WASHINGTON-When FBI agents arrested conservative activist James O'Keefe along with three of his friends as they attempted to tamper with the telephone lines in Democratic Sen. Mary Landrieu's New Orleans office, Democrats weren't the only ones who were gleeful.
The Association of Community Organizers for Reform Now (ACORN), recently disgraced by O'Keefe, saw an opportunity to discredit his unflattering videos of the organization's employees. ACORN President Bertha Lewis said in a statement that the arrest shows O'Keefe's "total disregard for the law" in "pursuit of his extremist agenda."
Lewis added, "From the day that O'Keefe's undercover 'sting' videos came out, ACORN leadership pledged accountability for its own staff while pointing out that the videos had been shot illegally and edited deceptively in order to undermine the work of an organization that has empowered working families for four decades. Unfortunately, during the rush to judge ACORN, both the media and Congress failed to question the methods, intent and accuracy of Mr. O'Keefe's videos."
O'Keefe filmed undercover video in ACORN offices across the country posing as a pimp seeking to start a brothel, with sidekick Hannah Giles posing as a prostitute. The video showed ACORN employees who tried to help the duo get the right tax forms to start a brothel under the table on multiple occasions, suggesting widespread corruption in the organization. In one instance when O'Keefe mentioned that they would be using underage girls at the brothel, an employee pointed out that they could claim the girls as dependents on tax forms.
The videos prompted Congress last fall to block funds to the organization, which receives millions of federal dollars every year to help people get mortgages and file taxes. In December, a federal court ruled that Congress couldn't single out ACORN and block its funds "in the absence of a trial." The government has to honor its contracts with the organization and continue the flow of funds for now. Meanwhile ACORN sued O'Keefe and Giles for filming undercover.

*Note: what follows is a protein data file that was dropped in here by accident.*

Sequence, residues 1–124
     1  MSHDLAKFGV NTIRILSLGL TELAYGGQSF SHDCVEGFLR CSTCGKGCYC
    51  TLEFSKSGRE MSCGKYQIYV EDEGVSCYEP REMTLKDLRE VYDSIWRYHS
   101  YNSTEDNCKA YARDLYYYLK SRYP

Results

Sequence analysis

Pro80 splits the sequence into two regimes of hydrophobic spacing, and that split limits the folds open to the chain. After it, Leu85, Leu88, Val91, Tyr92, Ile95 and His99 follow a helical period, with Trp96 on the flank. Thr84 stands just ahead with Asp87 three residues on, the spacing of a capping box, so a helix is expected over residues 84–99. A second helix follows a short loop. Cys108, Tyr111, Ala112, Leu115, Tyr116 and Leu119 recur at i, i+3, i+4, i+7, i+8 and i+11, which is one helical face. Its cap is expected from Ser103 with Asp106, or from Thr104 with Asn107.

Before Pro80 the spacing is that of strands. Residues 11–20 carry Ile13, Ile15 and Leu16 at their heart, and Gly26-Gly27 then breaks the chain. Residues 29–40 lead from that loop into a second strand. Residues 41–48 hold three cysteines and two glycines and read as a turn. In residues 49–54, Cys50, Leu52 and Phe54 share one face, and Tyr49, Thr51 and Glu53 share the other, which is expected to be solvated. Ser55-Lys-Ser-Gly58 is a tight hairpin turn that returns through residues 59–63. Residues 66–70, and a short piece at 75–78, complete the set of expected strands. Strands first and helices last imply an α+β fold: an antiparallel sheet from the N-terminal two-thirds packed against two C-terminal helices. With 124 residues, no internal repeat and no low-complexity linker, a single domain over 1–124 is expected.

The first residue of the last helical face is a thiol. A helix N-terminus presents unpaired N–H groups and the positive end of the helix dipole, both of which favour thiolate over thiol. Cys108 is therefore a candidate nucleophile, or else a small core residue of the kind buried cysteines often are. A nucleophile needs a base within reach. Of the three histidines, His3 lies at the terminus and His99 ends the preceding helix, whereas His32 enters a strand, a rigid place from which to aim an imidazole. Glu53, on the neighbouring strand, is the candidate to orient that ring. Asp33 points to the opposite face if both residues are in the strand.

For the Louisiana incident, O'Keefe and the three others face up to 10 years in prison and a $250,000 fine if convicted of charges that they attempted to enter U.S. property "by false and fraudulent pretense . . . for the purpose of willfully and maliciously interfering with a telephone system operated and controlled by the United States of America."
According to witnesses in Landrieu's office building, two of O'Keefe's friends, Joseph Basel and Robert Flanagan, arrived in the office claiming to be telephone repairmen, dressed in blue jeans, blue work shirts, fluorescent green vests, and white hard hats. O'Keefe was already in the office, telling staffers that he was waiting for someone, but admitted later to federal agents that he was recording Flanagan and Basel with his cell phone. After accessing the main office telephone, Flanagan and Basel asked to go to the main telephone system-there an employee asked for their identification, which they couldn't produce, leading to their arrest.
After his release on bond, O'Keefe posted on Twitter, "I am a journalist. The truth shall set me free." The 25-year-old has already admitted to federal agents to planning the ruse ahead of time with another friend, Stan Dai, and the other two have admitted to posing as telephone repairmen.